Your question is a little too broad. If the agent is doing what is necessary for their buyer to get their offer accepted, then why would there be any problem with this. The way the market is going this year, the properly priced homes in good condition are getting multiple offers and many are selling above asking price. Do you think it would be more acceptable if the agent told the buyer to put in a lower offer and then a different buyer gets the home?
2 votes Thank Flag Link Thu Apr 25, 2013
You really dont have to pay more than the asking price nor do you have to go by what your realtor is saying. iT ALL depends on how much do you want the house. If you are in the present market looking to buy a house for sometime, you yourself will realize that many good homes are going for more than the asking price and are sometimes more than the appraised value. So compare all the homes sold in the area in last 3-6 months and depending on how anxious you are to buy and how much you like the house, you will come to your decision. Then consider what your realtor is saying and make the offer.
1 vote Thank Flag Link Thu Sep 26, 2013
Some accurate answers, some not so accurate.

“Most commissions are based on sales price, so the higher the sales price of the home, the more money the agents make. “

Not really the motivation here at all. If you buy a house for $10,000 more than you wanted to offer and on a 5% commission, that is $500 more If you sold your own listing. If you sold someone else’s listing it is $250. Then the office split let’s say the average 50% the agent will see $125 on an additional $10,000 increased offer. So let’s say that money is not the motivation here.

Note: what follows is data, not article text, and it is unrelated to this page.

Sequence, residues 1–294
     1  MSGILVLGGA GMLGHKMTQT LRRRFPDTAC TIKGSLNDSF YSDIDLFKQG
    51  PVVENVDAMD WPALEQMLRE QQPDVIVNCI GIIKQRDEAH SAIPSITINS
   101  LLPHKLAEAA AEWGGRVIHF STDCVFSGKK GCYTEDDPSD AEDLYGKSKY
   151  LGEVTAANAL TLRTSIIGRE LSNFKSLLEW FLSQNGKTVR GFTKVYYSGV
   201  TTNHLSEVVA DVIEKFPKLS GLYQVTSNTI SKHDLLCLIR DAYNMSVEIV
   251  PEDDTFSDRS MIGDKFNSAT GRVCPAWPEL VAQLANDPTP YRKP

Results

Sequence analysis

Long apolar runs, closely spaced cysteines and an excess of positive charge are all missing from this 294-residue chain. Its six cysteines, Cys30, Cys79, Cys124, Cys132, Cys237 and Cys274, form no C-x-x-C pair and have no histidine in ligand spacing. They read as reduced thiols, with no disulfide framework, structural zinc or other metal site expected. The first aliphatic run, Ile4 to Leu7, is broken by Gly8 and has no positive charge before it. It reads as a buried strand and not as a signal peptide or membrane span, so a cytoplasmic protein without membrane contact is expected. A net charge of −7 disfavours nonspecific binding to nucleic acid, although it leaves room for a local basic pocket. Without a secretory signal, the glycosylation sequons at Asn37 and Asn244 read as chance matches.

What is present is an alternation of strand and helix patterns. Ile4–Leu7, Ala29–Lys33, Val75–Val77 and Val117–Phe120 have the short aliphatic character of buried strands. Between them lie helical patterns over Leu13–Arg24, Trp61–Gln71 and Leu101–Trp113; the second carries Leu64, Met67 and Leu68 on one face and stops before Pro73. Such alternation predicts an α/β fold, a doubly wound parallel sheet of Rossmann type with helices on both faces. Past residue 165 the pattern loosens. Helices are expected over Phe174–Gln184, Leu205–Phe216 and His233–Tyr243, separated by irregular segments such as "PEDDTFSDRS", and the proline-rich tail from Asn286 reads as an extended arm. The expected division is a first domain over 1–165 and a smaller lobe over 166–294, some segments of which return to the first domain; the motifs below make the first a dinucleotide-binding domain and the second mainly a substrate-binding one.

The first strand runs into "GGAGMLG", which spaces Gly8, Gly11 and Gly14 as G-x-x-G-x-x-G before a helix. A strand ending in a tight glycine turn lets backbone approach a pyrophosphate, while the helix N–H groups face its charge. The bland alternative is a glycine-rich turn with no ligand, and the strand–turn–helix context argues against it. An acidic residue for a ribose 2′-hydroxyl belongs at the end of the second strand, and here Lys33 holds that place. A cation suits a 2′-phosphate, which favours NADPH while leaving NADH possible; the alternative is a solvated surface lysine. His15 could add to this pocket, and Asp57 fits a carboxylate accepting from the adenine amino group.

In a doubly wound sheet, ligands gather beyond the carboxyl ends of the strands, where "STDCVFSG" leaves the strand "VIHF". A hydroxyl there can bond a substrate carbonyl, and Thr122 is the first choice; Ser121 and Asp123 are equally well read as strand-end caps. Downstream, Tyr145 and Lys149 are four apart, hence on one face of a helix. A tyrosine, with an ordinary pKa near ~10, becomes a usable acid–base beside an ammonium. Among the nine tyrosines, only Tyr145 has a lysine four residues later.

Next, the worst thing any buyer can do is sign an "exclusive buyer agency agreement” they are horrible. The document will lock you into one realtor and even if you go to another realtor, that guys waves the agreement in their hand and yell’s “I GET PAID” "I GET PAID" not him. You signed an agreement. So people talk about money.. that document is all about money and the Realtor that has you sign it. money for that realtor. I would run if I were a buyer and the Realtor presented that to me.

There is absolutely nothing a so called “exclusive buyers agent” can do to get you “the best price” at the “most favorable terms for a home. NOTHING. It annoys me that people talk about ethics and all this stuff when people advertise that they will get them more and better terms. Because they have a "tag line". Nonsense. Sellers want to sell their homes, negotiation is part of that and agreeing to a price for a home. The seller is not going to just give you the house for less or better terms because some guy says he is an "exclusive buyers agent". Just a bunch of baloney.